The FBI Most Wanted hackers. Law enforcement is willing to pay $4.2 million to get them
Cybercrime represents one of the most serious threat to Governments and private industries worldwide, law enforcement hunt down this emerging class of criminals who are able to influence the social context like drug traffickers and terrorists.
The FBI has published the lists of most wanted cyber criminals and the rewards for their capture. According to FBI data these individuals are responsible for hundreds of millions of dollars in losses, for this reason, the Feds are willing to pay a combined $4.2 million for information leading to their arrest.
U.S. Retailer giants Target and Home Depot are just a couple of samples of companies that suffered major cyber attacks, we cannot avoid mentioning other illustrious victims of the cybercrime like the Sony Pictures and government agencies, including the Office of Personnel Management.
Recently Trustwave firm published a report related to 2014 incidents that revealed cyber criminal activities are paying with 1,425% return on investment. More details here.
But the warning bells are sounding from the FBI
FBI Warns U.S. Companies to Be Ready for Chinese Hack Attacks
by Shane Harris:
In a message obtained by The Daily Beast, the bureau strongly implies Beijing was behind the massive hack that exposed U.S. government employees’ secrets—and U.S. companies are next.
Within the U.S. government, there’s a debate about who’s responsible for the massive hack of federal employees’ darkest secrets. The FBI on Wednesday weighed in with its own answer, strongly implying that it was the work of China.
The FBI is warning U.S. companies to be on the lookout for a malicious computer program that has been linked to the hack of the Office of Personnel Management. Security experts say the malware is known to be used by hackers in China, including those believed to be behind the OPM breach.
The FBI warning, which was sent to companies Wednesday, includes so-called hash values for the malware, called Sakula, that can be used to search a company’s systems to see if they’ve been affected.
The warning, known as an FBI Liaison Alert System, or FLASH, contains technical details of the malware and describes how it works. While the message doesn’t mention the OPM hack, the Sakula malware is used by Chinese hacker groups, according to security experts. And the FBI message is identical to one the bureau sent companies on June 5, a day after the Obama administration said the OPM had been hacked, exposing millions of government employees’ personal information. Among the recipients of both alerts are government contractors working on sensitive and classified projects.
Director of National Intelligence James Clapper has publicly called China the “leading suspect” in the OPM hack, but he hasn’t offered any evidence publicly to substantiate those claims. Devin Nunes, the chairman of the House Intelligence Committee, has said the jury is still out on whether China is to blame.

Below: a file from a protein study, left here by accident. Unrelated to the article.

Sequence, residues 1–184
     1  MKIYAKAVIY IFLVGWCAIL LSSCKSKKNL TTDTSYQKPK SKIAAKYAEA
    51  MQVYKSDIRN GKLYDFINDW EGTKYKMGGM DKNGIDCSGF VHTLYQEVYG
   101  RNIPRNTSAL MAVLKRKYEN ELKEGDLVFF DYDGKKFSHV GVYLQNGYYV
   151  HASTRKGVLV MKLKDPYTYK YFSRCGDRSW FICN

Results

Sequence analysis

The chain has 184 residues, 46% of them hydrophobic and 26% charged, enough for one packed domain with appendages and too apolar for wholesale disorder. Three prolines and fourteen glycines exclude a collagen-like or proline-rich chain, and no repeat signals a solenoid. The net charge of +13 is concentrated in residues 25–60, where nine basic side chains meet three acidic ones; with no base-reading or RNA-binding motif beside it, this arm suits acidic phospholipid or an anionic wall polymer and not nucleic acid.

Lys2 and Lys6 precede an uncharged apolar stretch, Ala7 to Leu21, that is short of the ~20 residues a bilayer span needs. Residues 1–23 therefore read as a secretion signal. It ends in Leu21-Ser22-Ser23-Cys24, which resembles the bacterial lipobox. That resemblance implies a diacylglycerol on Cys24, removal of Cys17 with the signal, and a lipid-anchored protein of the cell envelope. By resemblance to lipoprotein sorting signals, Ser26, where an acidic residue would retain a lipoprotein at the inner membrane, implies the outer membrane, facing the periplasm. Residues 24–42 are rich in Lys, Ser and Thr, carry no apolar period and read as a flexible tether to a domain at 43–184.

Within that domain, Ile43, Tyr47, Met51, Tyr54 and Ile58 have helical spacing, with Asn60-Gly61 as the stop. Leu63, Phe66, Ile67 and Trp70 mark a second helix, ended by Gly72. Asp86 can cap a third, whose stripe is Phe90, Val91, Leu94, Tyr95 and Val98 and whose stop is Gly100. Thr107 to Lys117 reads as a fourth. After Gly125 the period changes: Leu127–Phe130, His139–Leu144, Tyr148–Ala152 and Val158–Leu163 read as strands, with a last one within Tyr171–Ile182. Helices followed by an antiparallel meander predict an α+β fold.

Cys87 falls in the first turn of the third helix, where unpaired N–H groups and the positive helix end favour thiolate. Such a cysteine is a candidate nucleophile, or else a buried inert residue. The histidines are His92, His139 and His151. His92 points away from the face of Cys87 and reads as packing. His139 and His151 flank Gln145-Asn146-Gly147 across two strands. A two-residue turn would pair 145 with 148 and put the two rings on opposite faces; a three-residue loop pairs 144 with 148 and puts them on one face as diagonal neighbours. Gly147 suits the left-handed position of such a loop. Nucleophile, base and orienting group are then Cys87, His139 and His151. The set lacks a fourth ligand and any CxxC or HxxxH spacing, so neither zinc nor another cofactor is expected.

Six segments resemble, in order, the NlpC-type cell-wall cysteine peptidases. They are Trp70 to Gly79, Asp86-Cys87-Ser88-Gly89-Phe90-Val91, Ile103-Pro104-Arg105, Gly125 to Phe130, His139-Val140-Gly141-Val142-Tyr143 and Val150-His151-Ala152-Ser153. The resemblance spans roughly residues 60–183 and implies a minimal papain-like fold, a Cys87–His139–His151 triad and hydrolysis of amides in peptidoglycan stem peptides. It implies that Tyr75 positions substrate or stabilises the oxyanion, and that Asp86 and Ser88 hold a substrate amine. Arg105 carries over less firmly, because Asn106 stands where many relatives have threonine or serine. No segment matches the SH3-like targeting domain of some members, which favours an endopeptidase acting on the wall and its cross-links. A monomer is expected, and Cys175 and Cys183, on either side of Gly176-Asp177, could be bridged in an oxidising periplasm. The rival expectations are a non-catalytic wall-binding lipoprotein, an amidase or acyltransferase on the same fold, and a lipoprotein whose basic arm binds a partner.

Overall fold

In an email obtained by The Daily Beast, the FBI said it was sending the alert again because of concerns that not all companies had received it the first time. Apparently, some of their email filters weren’t configured to let the FBI message through.
The FLASH alert says the bureau has identified “cyber actors who have compromised and stolen sensitive business information and personally identifiable information.”
The FLASH alert says the bureau has identified “cyber actors who have compromised and stolen sensitive business information and personally identifiable information,” which includes names, dates of birth, and Social Security Numbers. The message notes that this information was a “priority target” of the hackers and that such data are frequently used for financial fraud. But “the FBI is not aware of such activity by these groups,” the message says.
Experts believe the data stolen from OPM is being compiled for espionage purposes, including targeting U.S. government employees and contractors who have access to classified information and could be blackmailed or recruited as spies.
The message also described the malware as being designed to copy information and send it to another computer, presumably being operated by a hacker. The Sakula malware has been linked to a breach of patient records at the health insurer Anthem. Some experts now believe the hackers who pulled off that breach are the same ones who penetrated the OPM’s computers.
The alert comes as Obama administration officials have been briefing members of Congress and their staff about the extent of the OPM hack. The Daily Beast reported earlier that the hackers had compromised so-called adjudication information, which includes revealing details, gleaned from background investigations, about government employees’ sex lives, their history of drug and alcohol use, and their financial problems. The OPM hack has also raised questions about whether the personnel records of intelligence agency employees, including covert operatives, were compromised.